Somebody correct me if I am wrong about any of this.

BTW, I run a 2 1/2 inch scale, 2 cylinder, 2 truck, Shay (Mich-Cal #2). Narrow Gauge (of course). Once you get into Narrow Gauge, Standard Gauge locomotives look small. Now that I have been looking at the photos of Moors Valley, 2 1/2 scale looks small. Driving the locomotive from inside the cab must just be the greatest.

Sincerely,
Bruce

Date: Thu, 23 Jun 2005 07:53:17 -0400
From: Don and/or Wanda Orr

Subject: Re: Re: Athelstan arrives (well, almost)



BRUCE

Sorry but there is a correction to what you told Tim about the right (Easty) coast. 7-1/4 is used and popular ONLY in the northern states, from Pennsylvania, new Jeysey up. I think they run both in Baltimore, but from there down into the glorious southland (and hot, and humid) it is entirely 7-1/2". I know of 1 7-1/4 private track in Virginia, but don't know if anyone else in the state has ever been there. He is a northern transplant. Further, it appears that mopst new tracks going in in Pa are 7-1/2", plus Mike Venesia in Jew Jersey's track is 7-1/2, plus another new track going in in NJ is 7-1/4. So please...those of us in the southeastern US of A are all 7-1/2.

And I am not rying to rekindle old flames here, just setting record straight.

don orr
www.locoparts.net

Date: Thu, 23 Jun 2005 13:04:16 -0400
From: "Michael F. Looney"

Subject: Re: Re: Athelstan arrives (well, almost)



Don:
I can tell you for a fact that the track in Baltimore, Maryland is 7 1/2 and you no longer can run any 7 1/4 there at all, so add Maryland to all of the track that are now 7 1/2 because we have been that way for a while now, plus I will be needed to talk to you about a tender soon for the engine I am building.
Thanks Mike Looney

Date: Thu, 23 Jun 2005 17:52:16 -0000
From: "fred veenschoten"

Subject: Re: Athelstan arrives (well, almost)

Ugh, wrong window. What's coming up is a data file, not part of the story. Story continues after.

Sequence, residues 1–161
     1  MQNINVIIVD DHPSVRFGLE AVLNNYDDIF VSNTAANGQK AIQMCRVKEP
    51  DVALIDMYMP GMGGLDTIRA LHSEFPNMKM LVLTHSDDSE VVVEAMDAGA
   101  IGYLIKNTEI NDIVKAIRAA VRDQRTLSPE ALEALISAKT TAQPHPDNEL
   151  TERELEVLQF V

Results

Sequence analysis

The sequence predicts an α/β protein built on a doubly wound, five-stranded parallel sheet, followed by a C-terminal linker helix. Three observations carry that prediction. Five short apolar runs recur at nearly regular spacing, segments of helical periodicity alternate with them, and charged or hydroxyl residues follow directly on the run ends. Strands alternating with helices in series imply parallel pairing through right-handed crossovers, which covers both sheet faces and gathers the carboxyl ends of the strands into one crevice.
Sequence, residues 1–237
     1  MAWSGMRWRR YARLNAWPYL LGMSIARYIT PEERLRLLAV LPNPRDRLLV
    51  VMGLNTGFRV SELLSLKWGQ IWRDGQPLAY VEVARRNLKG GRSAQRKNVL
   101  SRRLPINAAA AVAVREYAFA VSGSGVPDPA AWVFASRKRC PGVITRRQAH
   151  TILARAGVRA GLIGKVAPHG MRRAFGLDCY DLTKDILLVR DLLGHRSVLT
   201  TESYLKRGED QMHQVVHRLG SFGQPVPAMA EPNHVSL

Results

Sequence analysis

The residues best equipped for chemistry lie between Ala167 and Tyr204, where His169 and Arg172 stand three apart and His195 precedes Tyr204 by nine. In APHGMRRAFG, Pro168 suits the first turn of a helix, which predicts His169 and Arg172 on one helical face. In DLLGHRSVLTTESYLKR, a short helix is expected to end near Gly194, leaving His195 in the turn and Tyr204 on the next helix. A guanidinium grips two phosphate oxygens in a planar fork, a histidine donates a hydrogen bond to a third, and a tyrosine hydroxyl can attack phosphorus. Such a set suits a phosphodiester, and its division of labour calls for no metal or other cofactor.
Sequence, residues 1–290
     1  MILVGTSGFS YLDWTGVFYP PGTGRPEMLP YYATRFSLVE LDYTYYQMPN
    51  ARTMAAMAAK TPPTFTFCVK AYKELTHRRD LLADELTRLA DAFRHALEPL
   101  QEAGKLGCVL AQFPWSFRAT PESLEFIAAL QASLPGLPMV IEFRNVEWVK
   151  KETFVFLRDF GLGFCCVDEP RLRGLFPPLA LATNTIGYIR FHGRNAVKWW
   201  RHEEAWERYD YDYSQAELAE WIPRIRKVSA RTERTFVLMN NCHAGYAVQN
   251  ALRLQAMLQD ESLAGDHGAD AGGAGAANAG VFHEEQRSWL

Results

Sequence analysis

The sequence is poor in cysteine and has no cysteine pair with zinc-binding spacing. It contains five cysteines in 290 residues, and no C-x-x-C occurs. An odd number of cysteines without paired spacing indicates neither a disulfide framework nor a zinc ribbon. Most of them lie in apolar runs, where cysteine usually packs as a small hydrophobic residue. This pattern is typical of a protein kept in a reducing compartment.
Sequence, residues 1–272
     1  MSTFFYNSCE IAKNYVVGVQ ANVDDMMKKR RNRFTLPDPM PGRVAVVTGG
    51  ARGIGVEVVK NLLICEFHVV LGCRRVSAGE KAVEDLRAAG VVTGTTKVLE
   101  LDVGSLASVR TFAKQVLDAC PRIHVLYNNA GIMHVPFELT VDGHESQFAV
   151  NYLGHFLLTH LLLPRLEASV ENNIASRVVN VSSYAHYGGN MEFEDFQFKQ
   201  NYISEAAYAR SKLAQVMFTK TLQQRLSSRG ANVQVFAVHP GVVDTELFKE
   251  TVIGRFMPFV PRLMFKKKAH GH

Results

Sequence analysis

hey Bruce,
if you want to try a ride in cab give me about a year to finish mine.
you can run it at Wales West in So. Alabama.
fred v

Date: Thu, 23 Jun 2005 12:26:34 -0700
From: Dennis Dalla-Vicenza

Subject: Re: Re: Athelstan arrives (well, almost)



Fred,

What is you are building? I'm working (slowly) on a 3 3/4" scale 7 1/2" gauge Garratt that will be ride in the cab. My wife has aspirations of owning a 3 3/4" - 7 1/2" 2-4-4 based on the SR & RL locomotives again ride in the cab. I'm presently fooling with the design of 3 3/4" scale riding cars (with roofs) that the passengers will sit in. The riding cars will look a cross between Carnival Ride and 2' NG Prototype. I'm toying with the idea that the seats only allow for forward sitting (viewing) to minimize passengers turning and leaning and causing derailments and flips.

Dennis, living in Port Alberni BC, Canada

Date: Thu, 23 Jun 2005 16:46:06 -0400
From: bruceodelberg@netscape.net

Subject: Wales West



Hi Fred,

Thanks for the offer. I will be sure to look you up in a year. I tried to find a Web site for Wales West, but could not find a link at any of the sites I normally check (LiveSteaming.Com, TrainMountain.Org, DiscoverLiveSteam.Com, SteamingPriest.Com, etc.). Where in Alabama are you located? Are you 7 1/2 gauge? And to "second" Dennis' question, What are you building?

I changed the subject of this thread, as we are not really talking about the Moors Valley Railway anymore.

Hope to see you in a year,
Bruce

Date: Thu, 23 Jun 2005 18:01:38 -0400
From: bruceodelberg@netscape.net

Subject: 7 1/2 gauge



Hi Don,